Financial experts generally advise against borrowing from – and especially withdrawing early – from retirement accounts. And for a good reason. The retirement account is a special financial vehicle designed to provide tax sheltering and asset growth free of taxes until the withdrawing period. The early withdrawal from the retirement account will affect your retirement, as is pointed out in the article “401k Employee Education – Never a Good Reason to Tap a 401(k) Plan Early”, to a degree is hard to imagine. For example, the effect of an early withdrawal can be illustrated with the following scenario:
A 30-year-old worker living in New York wants to cash out $14,000 from his 401(k). He’ll pay a 28 percent federal income tax based off his salary, a 10 percent early withdrawal penalty fee, and about 4 percent state tax. So of that $14,000 he wants to borrow from his retirement account, he’ll only net $8,575. If he were to leave it intact, and we assume an average 8 percent annual return, that would grow to over $150,000 by 65.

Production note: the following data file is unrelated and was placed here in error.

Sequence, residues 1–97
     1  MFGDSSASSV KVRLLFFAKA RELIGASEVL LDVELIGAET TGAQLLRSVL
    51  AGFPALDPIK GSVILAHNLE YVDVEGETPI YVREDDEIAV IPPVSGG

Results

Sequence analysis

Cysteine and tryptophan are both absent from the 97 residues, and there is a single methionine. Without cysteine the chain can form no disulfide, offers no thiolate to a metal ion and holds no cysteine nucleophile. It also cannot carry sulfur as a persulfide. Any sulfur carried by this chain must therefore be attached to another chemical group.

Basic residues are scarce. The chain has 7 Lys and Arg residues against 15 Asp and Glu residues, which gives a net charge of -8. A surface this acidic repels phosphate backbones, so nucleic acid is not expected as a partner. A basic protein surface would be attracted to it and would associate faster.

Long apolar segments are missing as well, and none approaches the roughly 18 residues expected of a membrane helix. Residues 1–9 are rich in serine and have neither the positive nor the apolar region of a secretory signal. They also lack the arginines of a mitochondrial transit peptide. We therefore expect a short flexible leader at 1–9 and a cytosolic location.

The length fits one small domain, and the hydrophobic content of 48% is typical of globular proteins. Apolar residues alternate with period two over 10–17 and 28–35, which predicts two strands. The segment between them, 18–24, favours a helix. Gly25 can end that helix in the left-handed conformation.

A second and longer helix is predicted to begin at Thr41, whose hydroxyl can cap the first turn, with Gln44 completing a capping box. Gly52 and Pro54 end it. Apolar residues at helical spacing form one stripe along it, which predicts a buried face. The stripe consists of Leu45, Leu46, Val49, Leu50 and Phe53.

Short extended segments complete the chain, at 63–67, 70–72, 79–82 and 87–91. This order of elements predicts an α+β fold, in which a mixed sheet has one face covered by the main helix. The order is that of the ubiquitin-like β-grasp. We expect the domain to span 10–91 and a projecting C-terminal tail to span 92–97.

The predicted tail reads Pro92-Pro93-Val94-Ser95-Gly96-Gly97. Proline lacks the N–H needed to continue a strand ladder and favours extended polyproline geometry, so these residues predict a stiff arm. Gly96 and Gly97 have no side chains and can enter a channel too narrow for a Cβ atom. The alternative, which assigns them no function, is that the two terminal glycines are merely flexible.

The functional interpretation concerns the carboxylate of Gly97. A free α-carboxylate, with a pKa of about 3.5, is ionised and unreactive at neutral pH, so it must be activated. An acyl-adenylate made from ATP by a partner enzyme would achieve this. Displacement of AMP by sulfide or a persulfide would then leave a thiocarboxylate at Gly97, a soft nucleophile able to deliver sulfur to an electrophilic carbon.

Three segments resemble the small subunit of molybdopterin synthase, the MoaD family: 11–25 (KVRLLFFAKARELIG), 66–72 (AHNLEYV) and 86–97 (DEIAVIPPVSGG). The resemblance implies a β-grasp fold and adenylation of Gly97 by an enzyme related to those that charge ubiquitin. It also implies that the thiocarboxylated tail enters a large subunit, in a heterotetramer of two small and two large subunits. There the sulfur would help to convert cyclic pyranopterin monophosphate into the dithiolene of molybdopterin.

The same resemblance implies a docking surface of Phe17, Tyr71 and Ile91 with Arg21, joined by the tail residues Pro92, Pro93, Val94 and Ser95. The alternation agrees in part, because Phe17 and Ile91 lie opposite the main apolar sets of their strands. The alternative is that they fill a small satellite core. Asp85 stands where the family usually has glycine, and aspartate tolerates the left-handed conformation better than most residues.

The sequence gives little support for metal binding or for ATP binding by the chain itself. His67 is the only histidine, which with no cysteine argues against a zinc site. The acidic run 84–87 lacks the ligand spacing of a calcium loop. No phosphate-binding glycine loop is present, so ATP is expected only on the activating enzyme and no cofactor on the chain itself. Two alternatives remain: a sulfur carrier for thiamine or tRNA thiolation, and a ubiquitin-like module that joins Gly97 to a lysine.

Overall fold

Of course, there are circumstances in life when the retirement account can serve as a much needed safety net but if there are any other options available like taking a personal loan or withdrawing from a ROTH IRA. These less hazardous options should be explored first. By giving such advice to your clients, they will benefit greatly in the long run and you will in turn earn additional credibility with them.